EWEB drains the Walterville canal for annual maintenance
By Susan Palmer
WALTERVILLE – To understand what Eugene Water & Electric Board staff biologist Lisa McLaughlin is talking about when she says “fish screen,” completely disregard the word “screen” and think instead of three tractor-trailer-size concrete funnels.
They span the Walterville canal a quarter-mile from the intake along the McKenzie River, and they have a simple purpose. They keep Juvenile salmon and resident trout from getting sucked into the two turbines generating power at the end of the canal.
They resemble screens the way a stepladder resembles an elevator.
These concrete funnels redirect juvenile fish from the canal to a large underground pipe that carries them back to the McKenzie River, where they can more safely make their way to the Willamette River and eventually out to sea.
The massive size — the fish screen is actually visible on a Google maps satellite image — keeps the water velocity slow so that delicate smolts and fry — recently hatched and juvenile salmon — are less likely to be injured as they pass through, McLaughlin said.
EWEB has mostly emptied the Walterville canal this month to do annual maintenance on the fish screen. On Tuesday morning, about 18 inches of water sat in the bottom of a system that can handle 2,500 cubic feet per second. Small trout swam about in the shallow water, crawfish scuttled among the rocks and a nutria skeleton lay exposed on a low gravel bar.
The annual investment in preventive maintenance makes sense, said operations supervisor Rich Callison, who was directing the efforts of three EWEB workers on Tuesday, one of whom had gashed a finger replacing a leaky butterfly valve.
The fish screen cost EWEB $9 million. Built in 2003, it was part of a broad range of fish-friendly improvements the federal government required in order to renew EWEB’s power generating permit on the Leaburg-Walterville system.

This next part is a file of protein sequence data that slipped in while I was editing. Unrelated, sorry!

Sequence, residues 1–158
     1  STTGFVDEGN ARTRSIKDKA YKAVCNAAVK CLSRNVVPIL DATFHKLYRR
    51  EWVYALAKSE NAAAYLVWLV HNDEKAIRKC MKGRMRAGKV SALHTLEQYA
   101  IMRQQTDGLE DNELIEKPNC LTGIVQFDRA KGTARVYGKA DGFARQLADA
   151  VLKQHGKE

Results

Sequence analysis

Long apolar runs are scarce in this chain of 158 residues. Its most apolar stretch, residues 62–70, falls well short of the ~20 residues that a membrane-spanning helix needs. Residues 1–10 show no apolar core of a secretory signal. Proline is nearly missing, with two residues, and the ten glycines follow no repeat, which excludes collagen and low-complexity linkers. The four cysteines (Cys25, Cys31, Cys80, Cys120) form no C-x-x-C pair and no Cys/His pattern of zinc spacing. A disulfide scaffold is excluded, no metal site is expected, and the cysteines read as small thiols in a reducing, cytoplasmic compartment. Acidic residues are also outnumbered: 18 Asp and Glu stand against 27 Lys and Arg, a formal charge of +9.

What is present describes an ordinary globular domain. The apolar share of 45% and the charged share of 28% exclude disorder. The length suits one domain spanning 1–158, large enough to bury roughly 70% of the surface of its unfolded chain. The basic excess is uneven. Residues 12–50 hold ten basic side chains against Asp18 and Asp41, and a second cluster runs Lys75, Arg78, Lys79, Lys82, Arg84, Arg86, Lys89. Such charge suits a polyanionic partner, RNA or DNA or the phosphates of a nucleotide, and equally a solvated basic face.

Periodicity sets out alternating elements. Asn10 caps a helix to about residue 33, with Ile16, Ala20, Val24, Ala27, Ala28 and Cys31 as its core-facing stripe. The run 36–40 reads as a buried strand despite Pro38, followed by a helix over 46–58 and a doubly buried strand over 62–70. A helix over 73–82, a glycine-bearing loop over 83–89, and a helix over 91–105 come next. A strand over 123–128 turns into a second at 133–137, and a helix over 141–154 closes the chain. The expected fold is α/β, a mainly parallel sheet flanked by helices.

The Walterville turbines are capable of generating 9 megawatts. Combined with Leaburg’s turbines, they create enough power to supply nearly 11,000 homes.
The maintenance work is done about this time each year to coincide with the peak return migration of adult chinook. With no water in the canal, the adult fish heading upriver to spawn don’t waste precious energy trying to get into it, McLaughlin said.
Emptying the canal is a slow process that takes several days to keep from damaging its earthen walls, Calfison said, Conversely, filling the canal with McKenzie River water also must be done slowly so fish in the river don’t get stranded by the sudden drop in flow.
“It’s a delicate process,” McLaughlin said.
EWEB is required to make sure the system functions effectively. McLaughlin said surveys when the fish screen first went in showed that the vast majority of young salmon survive the trip through the screen, down the underground pipe and to the McKenzie.
“It’s=s really complex, but it works really well, and keeps our impact on juvenile salmon at a minimum,” she said.
EWEB expects to begin refilling the canal today, with the flow fully restored by Friday.